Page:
Why Do I Oppose the Death Penalty?

First, it takes life.

Second, it encourages the taking of life and other forms of revenge. Not only is there no evidence that it reduces crime, but it is defended in the same terms that many criminals use to defend their actions.

Third, it is dishonest. If we are going to kill people, we should do so publicly and graphically. Outside of Florida, where the victim’s head sometimes catches on fire in the electric chair, we have made murder look like a tetanus shot. When we hide from ourselves read more

Remember

One good reason to read history is to discover that many of the worst aspects of our lives today are very recent inventions. It’s extremely fast today: the time that it takes an innovation of the worst sort to become thought of as the way things have always been.
After WWII incomes over $400,000 were taxed at 91 percent. By stages, this has been reduced to 28 percent. As a result, between 1978 and 1990 the net worth of the Forbes 400 tripled and $70 billion per year was lost in read more

Culpeper, Virginia

If you listen to the advertisements of candidates for state delegate from Virginia’s 30th district you may be surprised to learn that socialism is alive and well in this rural section of the piedmont just to the south of booming Northern Virginia and just to the north of Charlottesville where the University of Virginia and strange liberal ideas can be found.

Independent candidate, J.D. “Dori” Callahan is campaigning against socialism. A homemade sign in a yard in Culpeper reads read more

American Violence

Why do kids get shot in schools in the U.S.? The vast presence of guns is one possible contributing factor. So is the violence in U.S. movies, music, books, magazines, and video games. The extreme inequality in wealth in the U.S., poor child raising, high divorce, and low quality schools are other possible culprits. It’s also possible to suspect an American genetic tendency toward violence, but I don’t believe we know enough to address that possibility.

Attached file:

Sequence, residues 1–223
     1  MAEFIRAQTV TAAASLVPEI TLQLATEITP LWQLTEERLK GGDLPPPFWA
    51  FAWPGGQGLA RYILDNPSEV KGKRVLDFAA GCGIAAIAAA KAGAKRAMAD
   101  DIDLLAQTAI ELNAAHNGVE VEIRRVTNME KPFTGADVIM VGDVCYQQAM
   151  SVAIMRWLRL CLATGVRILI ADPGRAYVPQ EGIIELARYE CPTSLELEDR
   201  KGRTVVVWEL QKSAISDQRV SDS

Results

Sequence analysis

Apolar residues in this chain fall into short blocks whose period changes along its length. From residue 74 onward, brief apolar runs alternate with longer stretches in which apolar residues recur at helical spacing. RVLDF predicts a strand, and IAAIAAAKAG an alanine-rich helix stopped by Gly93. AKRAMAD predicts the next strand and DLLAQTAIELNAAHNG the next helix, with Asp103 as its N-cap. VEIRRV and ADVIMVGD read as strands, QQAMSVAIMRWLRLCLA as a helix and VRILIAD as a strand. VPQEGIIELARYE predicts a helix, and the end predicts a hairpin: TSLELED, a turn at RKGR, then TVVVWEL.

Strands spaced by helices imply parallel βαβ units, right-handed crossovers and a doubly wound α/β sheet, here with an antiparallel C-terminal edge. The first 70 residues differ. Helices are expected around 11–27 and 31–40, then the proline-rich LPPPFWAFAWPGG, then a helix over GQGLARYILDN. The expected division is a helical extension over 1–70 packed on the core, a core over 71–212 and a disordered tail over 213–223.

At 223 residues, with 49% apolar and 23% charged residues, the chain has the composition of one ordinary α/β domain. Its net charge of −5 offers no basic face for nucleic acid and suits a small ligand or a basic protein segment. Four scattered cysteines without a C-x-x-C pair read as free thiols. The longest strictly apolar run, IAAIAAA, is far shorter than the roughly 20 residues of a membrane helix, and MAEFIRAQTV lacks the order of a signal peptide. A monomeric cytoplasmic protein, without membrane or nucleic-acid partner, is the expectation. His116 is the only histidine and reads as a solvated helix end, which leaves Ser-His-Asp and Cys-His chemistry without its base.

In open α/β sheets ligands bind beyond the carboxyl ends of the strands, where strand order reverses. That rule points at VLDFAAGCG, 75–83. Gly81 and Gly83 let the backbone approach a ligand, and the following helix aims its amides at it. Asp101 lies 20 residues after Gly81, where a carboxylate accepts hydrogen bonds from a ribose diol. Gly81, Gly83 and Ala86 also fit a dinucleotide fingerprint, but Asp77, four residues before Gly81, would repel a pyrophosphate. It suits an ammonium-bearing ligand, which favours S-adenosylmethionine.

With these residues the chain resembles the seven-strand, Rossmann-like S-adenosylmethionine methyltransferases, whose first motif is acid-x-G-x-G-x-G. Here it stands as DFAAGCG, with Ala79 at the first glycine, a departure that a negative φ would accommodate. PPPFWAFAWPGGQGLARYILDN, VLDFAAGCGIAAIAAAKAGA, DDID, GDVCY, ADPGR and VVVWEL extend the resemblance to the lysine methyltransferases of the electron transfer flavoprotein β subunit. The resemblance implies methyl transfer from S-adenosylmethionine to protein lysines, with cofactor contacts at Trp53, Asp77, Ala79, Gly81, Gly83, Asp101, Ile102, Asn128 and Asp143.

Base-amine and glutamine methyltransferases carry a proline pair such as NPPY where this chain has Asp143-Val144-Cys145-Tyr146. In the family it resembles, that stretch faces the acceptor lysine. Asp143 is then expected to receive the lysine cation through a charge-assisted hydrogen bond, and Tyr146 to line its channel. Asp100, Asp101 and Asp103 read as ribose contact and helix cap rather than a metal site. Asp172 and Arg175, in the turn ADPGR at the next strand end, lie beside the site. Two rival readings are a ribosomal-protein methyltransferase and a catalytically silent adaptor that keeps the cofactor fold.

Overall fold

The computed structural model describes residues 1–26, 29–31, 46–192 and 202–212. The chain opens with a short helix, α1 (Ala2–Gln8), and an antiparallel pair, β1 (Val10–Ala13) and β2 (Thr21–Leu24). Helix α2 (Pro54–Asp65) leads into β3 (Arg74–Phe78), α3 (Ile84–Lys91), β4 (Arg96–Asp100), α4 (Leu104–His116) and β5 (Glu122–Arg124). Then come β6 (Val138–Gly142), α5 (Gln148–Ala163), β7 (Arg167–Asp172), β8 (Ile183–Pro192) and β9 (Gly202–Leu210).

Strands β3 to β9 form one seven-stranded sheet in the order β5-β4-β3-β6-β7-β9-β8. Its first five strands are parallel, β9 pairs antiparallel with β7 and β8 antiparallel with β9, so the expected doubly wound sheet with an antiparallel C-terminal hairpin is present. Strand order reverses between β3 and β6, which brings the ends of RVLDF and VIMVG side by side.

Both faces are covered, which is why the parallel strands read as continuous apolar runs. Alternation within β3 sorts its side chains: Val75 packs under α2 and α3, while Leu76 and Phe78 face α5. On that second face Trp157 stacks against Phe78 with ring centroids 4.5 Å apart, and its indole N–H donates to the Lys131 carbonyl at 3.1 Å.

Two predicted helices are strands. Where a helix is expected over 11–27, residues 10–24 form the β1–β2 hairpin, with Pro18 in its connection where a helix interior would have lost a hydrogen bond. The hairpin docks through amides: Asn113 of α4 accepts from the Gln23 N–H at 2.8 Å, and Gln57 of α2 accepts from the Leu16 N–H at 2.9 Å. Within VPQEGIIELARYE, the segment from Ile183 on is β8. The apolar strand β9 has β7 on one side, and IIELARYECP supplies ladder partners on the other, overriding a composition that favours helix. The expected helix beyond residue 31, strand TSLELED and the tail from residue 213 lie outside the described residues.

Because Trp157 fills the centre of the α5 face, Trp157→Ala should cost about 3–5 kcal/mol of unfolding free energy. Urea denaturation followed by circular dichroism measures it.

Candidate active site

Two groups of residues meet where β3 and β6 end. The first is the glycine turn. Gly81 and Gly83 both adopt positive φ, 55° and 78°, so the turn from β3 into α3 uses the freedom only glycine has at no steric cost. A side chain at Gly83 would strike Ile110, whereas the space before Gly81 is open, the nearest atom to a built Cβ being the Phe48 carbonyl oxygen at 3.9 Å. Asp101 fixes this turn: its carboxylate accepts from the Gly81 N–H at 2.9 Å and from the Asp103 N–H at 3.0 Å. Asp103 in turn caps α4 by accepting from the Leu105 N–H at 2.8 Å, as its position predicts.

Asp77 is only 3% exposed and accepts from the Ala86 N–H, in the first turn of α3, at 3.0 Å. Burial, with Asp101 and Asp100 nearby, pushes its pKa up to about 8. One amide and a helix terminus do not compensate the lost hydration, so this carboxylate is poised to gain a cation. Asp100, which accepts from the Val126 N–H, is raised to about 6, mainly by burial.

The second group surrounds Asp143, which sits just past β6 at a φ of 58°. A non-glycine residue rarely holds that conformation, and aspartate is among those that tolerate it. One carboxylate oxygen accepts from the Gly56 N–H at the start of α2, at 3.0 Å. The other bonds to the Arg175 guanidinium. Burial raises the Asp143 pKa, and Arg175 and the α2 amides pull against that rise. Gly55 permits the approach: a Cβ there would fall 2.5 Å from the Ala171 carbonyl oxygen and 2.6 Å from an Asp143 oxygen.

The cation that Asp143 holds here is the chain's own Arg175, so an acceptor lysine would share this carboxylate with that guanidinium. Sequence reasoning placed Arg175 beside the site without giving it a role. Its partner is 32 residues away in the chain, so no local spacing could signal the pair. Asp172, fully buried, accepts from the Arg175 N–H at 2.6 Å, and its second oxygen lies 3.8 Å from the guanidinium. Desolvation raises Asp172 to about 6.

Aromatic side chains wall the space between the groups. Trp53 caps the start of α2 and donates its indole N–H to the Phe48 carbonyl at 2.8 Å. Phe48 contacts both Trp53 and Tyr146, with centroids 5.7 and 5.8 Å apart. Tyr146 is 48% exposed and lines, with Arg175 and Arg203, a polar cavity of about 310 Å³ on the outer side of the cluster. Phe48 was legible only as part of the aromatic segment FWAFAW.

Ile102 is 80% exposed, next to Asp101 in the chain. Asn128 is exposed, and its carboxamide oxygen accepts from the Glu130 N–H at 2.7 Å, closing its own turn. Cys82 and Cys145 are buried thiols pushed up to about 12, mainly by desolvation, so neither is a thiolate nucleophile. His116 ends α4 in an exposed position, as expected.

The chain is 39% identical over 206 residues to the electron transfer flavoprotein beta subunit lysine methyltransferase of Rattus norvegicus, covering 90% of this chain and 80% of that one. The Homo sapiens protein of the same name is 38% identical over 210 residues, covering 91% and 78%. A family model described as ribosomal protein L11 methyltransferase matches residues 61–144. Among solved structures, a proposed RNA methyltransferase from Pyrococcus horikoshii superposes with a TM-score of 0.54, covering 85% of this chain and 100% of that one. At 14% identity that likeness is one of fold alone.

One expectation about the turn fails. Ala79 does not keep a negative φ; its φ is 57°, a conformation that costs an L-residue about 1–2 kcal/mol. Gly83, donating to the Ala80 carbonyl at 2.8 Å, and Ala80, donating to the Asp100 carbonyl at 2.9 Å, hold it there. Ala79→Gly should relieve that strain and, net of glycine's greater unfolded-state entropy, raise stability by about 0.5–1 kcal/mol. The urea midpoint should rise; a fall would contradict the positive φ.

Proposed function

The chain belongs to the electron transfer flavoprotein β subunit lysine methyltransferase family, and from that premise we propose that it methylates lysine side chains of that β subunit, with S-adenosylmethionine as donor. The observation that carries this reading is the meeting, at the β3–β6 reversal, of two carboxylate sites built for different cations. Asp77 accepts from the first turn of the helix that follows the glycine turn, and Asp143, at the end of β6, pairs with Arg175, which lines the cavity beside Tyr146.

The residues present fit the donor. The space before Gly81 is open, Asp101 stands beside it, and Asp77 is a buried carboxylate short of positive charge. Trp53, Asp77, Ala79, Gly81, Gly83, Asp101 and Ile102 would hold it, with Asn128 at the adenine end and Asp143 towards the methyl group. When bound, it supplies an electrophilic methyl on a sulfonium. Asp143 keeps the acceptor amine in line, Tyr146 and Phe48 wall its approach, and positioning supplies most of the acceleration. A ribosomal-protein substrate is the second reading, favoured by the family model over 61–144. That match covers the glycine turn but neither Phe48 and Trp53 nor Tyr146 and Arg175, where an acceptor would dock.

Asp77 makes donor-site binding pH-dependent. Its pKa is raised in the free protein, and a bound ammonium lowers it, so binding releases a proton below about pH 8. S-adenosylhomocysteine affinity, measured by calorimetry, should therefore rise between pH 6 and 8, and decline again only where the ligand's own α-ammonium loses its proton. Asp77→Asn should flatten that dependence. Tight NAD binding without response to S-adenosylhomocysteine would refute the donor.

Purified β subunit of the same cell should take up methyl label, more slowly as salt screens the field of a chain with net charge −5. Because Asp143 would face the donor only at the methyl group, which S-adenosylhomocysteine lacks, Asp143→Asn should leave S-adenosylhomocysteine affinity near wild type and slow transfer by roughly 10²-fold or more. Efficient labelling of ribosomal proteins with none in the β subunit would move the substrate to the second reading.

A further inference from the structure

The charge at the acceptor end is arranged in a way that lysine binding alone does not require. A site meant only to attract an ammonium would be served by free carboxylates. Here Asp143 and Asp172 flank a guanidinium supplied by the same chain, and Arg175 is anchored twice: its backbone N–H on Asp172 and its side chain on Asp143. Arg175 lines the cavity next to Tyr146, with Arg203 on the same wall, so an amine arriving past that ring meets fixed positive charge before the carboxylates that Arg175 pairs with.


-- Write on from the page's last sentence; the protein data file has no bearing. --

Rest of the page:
Guns are defended as necessary read more

Crime Prevention

The Washington Post reported on April 20th that a New York-based human rights group called Human Rights Watch has found that two new super-max prisons in Virginia are marked by racism, brutality, and inhumane conditions, and that, with room to spare in these highest security prisons, state officials are rushing to fill them with prisoners “better suited to less harsh conditions.”

In the view of many advocacy groups, including Amnesty International and the ACLU, ALL prisoners are better read more

Jefferson's Sweatshop

The living wage campaign as a national phenomenon has grown rapidly. Twenty-nine cities, counties, and school boards have passed explicit living wage ordinances raising the minimum wage for anyone employed directly or indirectly by that body. These wage rates vary, but are often an amount designed to keep a full-time worker’s family of four out of poverty.

A Living Wage ordinance stipulates that the minimum wage level will be adjusted for inflation and cost of living annually. Other cities read more

Affirmative Action

I went to a duel on a recent evening in a large auditorium at the University of Virginia, with Linda Chavez and the dean of admissions, Mr. Blackburn, speaking on affirmative action. Both had good points, but I’d give Blackburn a clear victory. I’d guesstimate three-quarters of the audience had decided on that outcome in advance. The crowd was slightly rowdy, by UVa lecture-hall standards.

Chavez spoke first. She runs the Center for Equal Opportunity, in DC, and their reports on read more

Right to Work

My state, Virginia, is doing pretty well in the great grand scheme of things. Sure, we’re only in second place in importing trash and in killing convicts. Several states are outpacing us in both incarceration rates and growth of sprawl. But we’re cutting down forests, defunding education, and selling cigarettes as fast as anybody in the area, and we can stand proud as Virginians with the knowledge that our Commonwealth is the home not only of Oliver North, Ken Starr, Pat Robertson, read more

Deconstruction

On April 18th the Washington Post ran a book review by Jonathan Yardley lamenting the damage done to our society by deconstruction and pointing out for the umpteenth time that Paul De Man had sympathized with Nazism in his youth.

If you don’t have a very good idea what deconstruction is, don’t worry about it. Neither does Yardley. The idea found in the writings labeled deconstruction, pragmatism, postmodernism, and so on, which draws the most fire is the notion that humans have to read more

Confidentiality

I recently had a discussion with the editors of a student newspaper at the University of Virginia called the Cavalier Daily. The paper is currently performing an admirable service in its coverage of some questionable judicial proceedings at the university. But the paper printed information which its source had been instructed by the university to keep confidential. I asked the editors whether they opposed the rule that made University Judiciary Committee proceedings confidential. They said they read more